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China is upping the critical minerals stakes by curbing exports of graphite, a key raw material in electric vehicle batteries.

The West can’t say it wasn’t warned.

When China announced restrictions on exports of gallium and germanium in July, former Vice Commerce Minister Wei Jianguo was quoted in the China Daily as saying it was “just the start” if the West continued to target China’s high-technology sector.

Restricting the flow of two metals used in the manufacture of silicon chips was “a well-thought-out heavy punch” in reaction to the U.S. Chips Act, Wei said.

The Biden administration has since tightened restrictions on the flow of advanced artificial intelligence chips to China, announcing on Friday a new raft of measures aimed at closing previous loopholes.

China is responding in kind, this time taking aim at the West’s electric vehicle (EV) ambitions.

There is much potential for further escalation in this unfolding critical minerals battle between China and the West.

CRITICAL INPUT

Graphite has slipped under the radar in the broader critical raw materials debate. China’s control of other battery inputs such as cobalt, nickel and lithium has grabbed the headlines.

Those are all used to make the battery cathode. It won’t work, however, without an anode, which is invariably made of graphite.

Indeed, graphite is the largest EV battery component by weight, typically accounting for between 50 and 100 kg.

China is the dominant player in the global supply of both natural graphite and synthetic graphite, which has been taking an increasing share of the market.

The country accounts for around two-thirds of all natural graphite production and, according to consultancy Benchmark Minerals, supplies around 98% of the world’s synthetic graphite anodes.

The West’s dependency on Chinese supply has seen graphite recently join the likes of cobalt and rare earths on the U.S. Department of Energy’s list of super-critical raw materials.

The U.S. and its metals allies are investing in non-Chinese supply.

The Department of Defense awarded $37m in July to Graphite One to accelerate a feasibility study on its Graphite Creek project in Alaska, thought to be one of the largest 10 identified deposits in the country.

Australia has used its A$2 billion Critical Minerals Facility to lend A$185 million to Renascor Resources’ Siviour graphite project and A$40m to EcoGraf Ltd’s battery anode plant.

However, none will be in operation by the start of December, when China’s export restrictions come into place.

SQUEEZING SUPPLY

The big question is how tightly China will squeeze the graphite export pipeline.

It’s worth noting the ban is not on all forms of graphite. The new measures, which prohibit any exports without a license, cover high-purity synthetic graphite and natural flake graphite, including spherical and expanded forms.

Previous restrictions on lower-grade graphite exports destined for the steel and lubricants sectors have been rescinded.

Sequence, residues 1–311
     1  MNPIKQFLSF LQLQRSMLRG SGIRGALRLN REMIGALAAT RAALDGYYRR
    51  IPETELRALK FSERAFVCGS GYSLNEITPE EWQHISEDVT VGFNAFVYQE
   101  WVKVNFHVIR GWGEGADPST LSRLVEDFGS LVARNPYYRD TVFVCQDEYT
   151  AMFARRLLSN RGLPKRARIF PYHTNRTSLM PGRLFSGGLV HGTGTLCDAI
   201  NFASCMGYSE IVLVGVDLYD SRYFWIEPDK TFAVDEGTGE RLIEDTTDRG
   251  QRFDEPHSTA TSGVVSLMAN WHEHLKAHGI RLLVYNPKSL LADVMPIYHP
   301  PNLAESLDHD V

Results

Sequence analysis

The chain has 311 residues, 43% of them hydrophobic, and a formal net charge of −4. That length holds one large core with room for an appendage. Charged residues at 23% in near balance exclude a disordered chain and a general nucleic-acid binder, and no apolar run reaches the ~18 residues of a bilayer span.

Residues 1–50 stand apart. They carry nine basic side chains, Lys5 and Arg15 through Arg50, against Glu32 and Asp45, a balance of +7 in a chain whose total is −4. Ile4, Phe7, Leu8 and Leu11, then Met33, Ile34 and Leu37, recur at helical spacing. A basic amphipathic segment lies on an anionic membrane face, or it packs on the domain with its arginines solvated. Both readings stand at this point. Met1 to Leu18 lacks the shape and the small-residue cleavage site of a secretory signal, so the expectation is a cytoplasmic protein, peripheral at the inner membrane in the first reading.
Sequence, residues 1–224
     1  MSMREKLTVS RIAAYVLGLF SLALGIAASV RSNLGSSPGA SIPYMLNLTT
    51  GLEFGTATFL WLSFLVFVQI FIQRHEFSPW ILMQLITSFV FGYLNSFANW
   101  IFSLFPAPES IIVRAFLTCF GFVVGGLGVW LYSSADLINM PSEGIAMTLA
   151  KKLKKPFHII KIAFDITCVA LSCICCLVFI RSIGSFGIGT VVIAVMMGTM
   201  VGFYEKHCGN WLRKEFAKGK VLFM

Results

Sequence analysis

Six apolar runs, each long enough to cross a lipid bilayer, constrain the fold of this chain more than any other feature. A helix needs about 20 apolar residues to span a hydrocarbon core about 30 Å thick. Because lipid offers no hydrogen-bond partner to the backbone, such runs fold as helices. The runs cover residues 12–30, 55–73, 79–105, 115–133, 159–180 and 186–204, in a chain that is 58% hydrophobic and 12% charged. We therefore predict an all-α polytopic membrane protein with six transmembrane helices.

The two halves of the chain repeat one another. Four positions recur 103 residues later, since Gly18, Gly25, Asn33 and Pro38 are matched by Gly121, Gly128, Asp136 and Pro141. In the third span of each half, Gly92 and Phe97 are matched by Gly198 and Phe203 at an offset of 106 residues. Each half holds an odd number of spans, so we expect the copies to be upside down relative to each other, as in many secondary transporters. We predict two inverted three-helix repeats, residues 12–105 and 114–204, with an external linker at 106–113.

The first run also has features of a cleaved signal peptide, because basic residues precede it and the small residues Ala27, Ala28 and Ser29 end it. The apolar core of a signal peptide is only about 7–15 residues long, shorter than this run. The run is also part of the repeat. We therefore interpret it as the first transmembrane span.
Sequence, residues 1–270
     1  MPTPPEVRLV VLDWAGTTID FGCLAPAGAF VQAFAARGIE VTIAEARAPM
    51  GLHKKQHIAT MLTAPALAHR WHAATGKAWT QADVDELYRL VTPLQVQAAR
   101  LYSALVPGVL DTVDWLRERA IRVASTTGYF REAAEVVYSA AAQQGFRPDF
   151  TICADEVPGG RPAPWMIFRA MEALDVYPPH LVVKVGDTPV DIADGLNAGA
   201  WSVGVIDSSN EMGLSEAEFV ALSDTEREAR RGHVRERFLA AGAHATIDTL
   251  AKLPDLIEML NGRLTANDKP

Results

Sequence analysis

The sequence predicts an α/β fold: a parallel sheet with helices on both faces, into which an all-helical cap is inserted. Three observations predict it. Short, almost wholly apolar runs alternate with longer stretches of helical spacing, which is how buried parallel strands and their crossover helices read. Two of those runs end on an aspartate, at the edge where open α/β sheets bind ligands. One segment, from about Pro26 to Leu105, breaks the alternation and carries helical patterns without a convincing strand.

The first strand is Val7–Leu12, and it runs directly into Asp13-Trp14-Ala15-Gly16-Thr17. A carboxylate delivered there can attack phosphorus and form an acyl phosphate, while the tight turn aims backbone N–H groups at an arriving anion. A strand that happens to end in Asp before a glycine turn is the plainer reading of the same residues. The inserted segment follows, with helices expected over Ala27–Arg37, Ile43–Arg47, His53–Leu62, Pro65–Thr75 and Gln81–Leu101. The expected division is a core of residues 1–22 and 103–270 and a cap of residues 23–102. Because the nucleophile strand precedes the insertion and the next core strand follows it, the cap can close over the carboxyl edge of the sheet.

The curbs are clearly targeted at the EV battery sector but which parts?

If gallium and germanium are anything to go by, expect a flurry of export activity in the run-up to the Dec. 1 deadline and then a collapse in activity.

Some Chinese companies have received their licenses and many more applications are under review but the process has essentially halted exports of both metals for the time being. Prices of both have unsurprisingly increased.

The world’s graphite supply chain could well be in for a similar short-term shock.

JAW-JAW OR WAR?

Western governments are still evaluating their response, waiting like the rest of us to see how China’s graphite volumes play out in the coming months.

One potential avenue would be challenge the export curbs at the World Trade Organization (WTO), an option the Japanese government is already evaluating.

This was a tactic successfully used when China cut off exports of rare earths in 2010. A joint complaint by the U.S., the European Union and Japan was upheld in 2014 and China was forced to back down.

Indeed, the Obama administration launched multiple complaints against China at the WTO and won all of them other than the last, which challenged the country over its subsidized aluminum industry.

The Trump administration, by contrast, was outright hostile to the WTO and preferred unilateral trade action such as the Section 232 tariffs on imports of steel and aluminum.

The Biden administration has so far been equally dismissive. When the WTO last year upheld China’s complaint about the Section 232 tariffs, Assistant Trade Representative Adam Hodge rejected the finding as “flawed” and said “these WTO panel reports only reinforce the need to fundamentally reform the WTO dispute settlement system.”

While the European Union and Japan might prefer to use the old world order trade dispute system, the U.S. quite evidently won’t be leading the way.

Rather, the more likely response will be to double down on the country’s already heavy investment in building out a domestic critical mineral supply chain and working with allied countries to source what it cannot produce itself.

With no sign of any let-up in the campaign to cut off the flow of high-end chips to China, the risk of further heavy counter punches in the metals sector looks high.

If gallium and germanium were, to quote China’s Wei, “just the start,” graphite is unlikely to mark the end of this escalating global tit-for-tat.

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